Poutine – a new spin on a Canadian Classic

by Kate on February 11, 2013

Poutine, Plain and Simple

 “There is no Canada like French Canada, it’s ze best Canada in ze land and the other Canada is hardly Canada…”

Now I don’t want to rub in the fact that we managed to miss out on the biggest snowstorm in Boston since the blizzard of 78′ because we are away for our anniversary, but we did. And honestly, we were a little sad! Felt a Little left out of all the snow bonding!

Quebec City may just be one of my favorite places in the world.  Dave and I first traveled here back in 2010 – we wanted to go away somewhere, without having to get on a plane, but still feel like we were away.  And Quebec City is the perfect place for that (well, that is if you don’t mind dressing up like Randy from the Christmas Story every time you walk out the door – lil’ chilly up here).  But we liked it so much that we decided it was the perfect place to come back to to celebrate our one year anniversary.

There is one thing from Canada though that is beyond genius – a gastronomic wonder – POUTINE. The traditional recipe is simple and delicious – French fries smothered in beef gravy and cheese curds.  Go ahead – I just undid the top button of my pants too.

Poutine, Plain and Simple

So I did some research online and gave the classical poutine a spin of my own, swapping out a lighter gravy for the beef gravy and using goat cheese instead of traditional cheese curds – oh and bacon – there’s always room for bacon.  We gave it a whirl at home before we left – ya know, to get in the spirit – and ooh baby yes – jackpot.  It’s simple to make (especially if you cheated like I did and used frozen fries).  But frozen or not, how can the combination of three of life’s most delicious things be bad?  It can’t.

Poutine, Plain and Simple

Poutine, Plain and Simple


  • 1 bag of your frozen french fry of choice (we used the Alexia brand)
  • 2 tablespoons unsalted butter
  • 2 tablespoons all-purpose flour
  • 2 tablespoons crumbled goat cheese + 4 additional tablespoons for topping
  • 2 cups chicken stock
  • 4 slices of bacon, cooked and crumbled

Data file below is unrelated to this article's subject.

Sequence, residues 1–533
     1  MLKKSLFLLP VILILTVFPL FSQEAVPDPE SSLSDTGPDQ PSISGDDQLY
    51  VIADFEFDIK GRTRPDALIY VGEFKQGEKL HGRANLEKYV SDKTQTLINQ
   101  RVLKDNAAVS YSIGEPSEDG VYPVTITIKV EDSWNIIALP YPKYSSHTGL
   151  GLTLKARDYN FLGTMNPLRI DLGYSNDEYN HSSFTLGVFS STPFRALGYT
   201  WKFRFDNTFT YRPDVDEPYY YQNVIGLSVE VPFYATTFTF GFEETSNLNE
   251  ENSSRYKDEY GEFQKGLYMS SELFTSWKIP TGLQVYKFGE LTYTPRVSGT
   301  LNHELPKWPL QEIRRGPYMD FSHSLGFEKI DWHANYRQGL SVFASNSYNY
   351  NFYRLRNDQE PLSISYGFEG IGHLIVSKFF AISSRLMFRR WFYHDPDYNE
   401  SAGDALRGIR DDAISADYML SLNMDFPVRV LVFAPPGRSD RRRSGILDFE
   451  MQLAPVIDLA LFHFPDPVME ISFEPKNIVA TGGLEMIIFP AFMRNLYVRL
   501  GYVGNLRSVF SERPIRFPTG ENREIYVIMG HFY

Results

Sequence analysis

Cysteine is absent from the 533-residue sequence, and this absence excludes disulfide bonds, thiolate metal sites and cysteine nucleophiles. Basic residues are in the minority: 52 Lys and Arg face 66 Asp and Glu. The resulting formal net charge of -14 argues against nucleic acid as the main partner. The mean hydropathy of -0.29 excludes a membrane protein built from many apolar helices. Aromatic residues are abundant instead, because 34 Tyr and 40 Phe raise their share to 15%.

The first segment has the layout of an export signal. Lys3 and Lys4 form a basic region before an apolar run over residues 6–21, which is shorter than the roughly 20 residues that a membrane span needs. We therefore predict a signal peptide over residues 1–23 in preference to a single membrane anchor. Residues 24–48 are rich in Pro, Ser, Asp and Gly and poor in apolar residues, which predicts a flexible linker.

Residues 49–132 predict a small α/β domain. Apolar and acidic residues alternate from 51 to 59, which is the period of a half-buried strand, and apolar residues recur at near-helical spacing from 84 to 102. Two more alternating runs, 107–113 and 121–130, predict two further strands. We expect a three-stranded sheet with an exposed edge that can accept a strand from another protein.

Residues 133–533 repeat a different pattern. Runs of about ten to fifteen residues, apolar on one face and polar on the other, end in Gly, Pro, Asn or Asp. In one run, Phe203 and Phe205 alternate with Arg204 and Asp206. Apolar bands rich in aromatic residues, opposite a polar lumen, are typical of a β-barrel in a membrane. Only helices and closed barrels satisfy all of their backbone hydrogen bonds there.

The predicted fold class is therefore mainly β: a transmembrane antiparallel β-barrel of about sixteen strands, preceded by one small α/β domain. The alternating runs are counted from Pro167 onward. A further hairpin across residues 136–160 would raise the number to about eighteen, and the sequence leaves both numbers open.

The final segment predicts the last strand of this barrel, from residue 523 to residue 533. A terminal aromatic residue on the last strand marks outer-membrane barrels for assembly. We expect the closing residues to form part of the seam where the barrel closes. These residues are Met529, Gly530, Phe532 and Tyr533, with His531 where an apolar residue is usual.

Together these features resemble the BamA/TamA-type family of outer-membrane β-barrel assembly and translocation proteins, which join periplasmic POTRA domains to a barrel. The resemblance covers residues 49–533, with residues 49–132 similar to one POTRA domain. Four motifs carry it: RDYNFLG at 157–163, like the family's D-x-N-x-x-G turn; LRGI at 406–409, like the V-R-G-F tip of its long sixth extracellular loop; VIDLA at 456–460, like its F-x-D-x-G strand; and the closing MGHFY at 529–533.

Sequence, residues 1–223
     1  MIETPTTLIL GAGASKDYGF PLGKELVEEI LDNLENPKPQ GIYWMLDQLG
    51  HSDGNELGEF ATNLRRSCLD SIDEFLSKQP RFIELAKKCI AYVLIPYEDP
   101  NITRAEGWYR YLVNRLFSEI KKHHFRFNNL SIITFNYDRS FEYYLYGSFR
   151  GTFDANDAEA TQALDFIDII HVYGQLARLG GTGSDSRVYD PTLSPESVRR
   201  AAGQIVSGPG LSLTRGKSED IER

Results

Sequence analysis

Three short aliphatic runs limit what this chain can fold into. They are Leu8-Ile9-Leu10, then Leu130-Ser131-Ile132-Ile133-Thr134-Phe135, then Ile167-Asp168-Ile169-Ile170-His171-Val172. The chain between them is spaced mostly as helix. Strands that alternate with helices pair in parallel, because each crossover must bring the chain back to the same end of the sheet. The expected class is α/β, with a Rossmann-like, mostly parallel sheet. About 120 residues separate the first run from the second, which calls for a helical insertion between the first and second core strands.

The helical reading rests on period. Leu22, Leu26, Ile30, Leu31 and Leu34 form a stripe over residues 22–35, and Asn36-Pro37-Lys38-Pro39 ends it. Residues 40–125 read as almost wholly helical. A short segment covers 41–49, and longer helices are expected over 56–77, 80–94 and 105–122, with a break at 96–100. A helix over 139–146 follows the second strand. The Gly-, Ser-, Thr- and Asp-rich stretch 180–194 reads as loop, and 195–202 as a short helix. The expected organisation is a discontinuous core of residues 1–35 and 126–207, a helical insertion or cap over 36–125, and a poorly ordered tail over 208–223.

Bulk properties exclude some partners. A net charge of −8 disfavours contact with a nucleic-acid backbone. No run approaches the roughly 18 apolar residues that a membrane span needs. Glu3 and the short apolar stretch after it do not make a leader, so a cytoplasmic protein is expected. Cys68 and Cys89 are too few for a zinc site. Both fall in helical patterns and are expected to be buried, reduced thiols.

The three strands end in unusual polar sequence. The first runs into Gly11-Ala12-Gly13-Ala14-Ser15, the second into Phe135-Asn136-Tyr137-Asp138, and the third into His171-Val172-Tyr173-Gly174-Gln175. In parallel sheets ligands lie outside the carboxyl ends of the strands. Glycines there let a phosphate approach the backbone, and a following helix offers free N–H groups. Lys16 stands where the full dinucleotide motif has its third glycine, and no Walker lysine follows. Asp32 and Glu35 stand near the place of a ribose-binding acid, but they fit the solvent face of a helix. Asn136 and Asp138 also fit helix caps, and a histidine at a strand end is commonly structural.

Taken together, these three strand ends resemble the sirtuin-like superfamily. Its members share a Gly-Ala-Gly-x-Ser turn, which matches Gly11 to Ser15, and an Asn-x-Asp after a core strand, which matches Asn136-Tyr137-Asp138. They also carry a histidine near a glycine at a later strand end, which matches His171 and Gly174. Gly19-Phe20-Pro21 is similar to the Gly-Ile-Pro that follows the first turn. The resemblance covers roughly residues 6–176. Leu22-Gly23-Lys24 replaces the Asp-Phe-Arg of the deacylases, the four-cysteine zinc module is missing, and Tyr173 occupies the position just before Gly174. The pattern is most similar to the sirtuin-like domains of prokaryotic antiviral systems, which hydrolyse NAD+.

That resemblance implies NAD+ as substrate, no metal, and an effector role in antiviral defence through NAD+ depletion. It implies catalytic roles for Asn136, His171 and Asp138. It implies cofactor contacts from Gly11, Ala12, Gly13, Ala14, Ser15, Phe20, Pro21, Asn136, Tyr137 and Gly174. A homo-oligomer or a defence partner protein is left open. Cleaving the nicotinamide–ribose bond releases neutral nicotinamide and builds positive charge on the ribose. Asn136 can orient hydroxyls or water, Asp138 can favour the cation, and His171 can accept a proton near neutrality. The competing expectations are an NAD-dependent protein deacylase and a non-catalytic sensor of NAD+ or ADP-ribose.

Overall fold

Preheat your oven to 425 degrees. Once preheated, bake your fries for 30-35 minutes, flipping once half way through.

Melt your butter in a saucepan over medium heat. Once butter has melted, add your flour and 2 tablespoons of goat cheese and stir until incorporated. Continue to stir the mixture for 2-3 minutes.

After 2-3 minutes, add your chicken stock to the flour/butter/cheese mixture. Reduce heat to low and stir occasionally, allowing the mixture to thicken and become 'gravy-like'.

Once your gravy has thickened, place your baked fries on a large plate - sprinkle the remaining 4 tablespoons of goat cheese over the fries, then pour the gravy on top, and then lastly, sprinkle the bacon crumbles. Serve hot. (trust me - it won't last long enough to get cold!)

*feel free to tweak the amount of cheese and bacon to your liking

© And They Cooked Happily Ever After


Penny February 11, 2013 at 8:59 pm

That looks delicious…but it’s not Poutine. Poutine is brown gravy and cheese curds. This is no doubt a wonderful dish, but please don’t call it Poutine.

Kate February 13, 2013 at 12:48 am

Thank you Penny – you are right, it’s not the traditional recipe for poutine, but a modified version that had some changes/modifications. I did go into my post and edit it to explain that what I posted was not the traditional recipe for poutine, but a modified version that was inspired by the original – so thank you for your comment! I appreciate it! Just got back from Quebec and had more traditional poutine than should be legal :)

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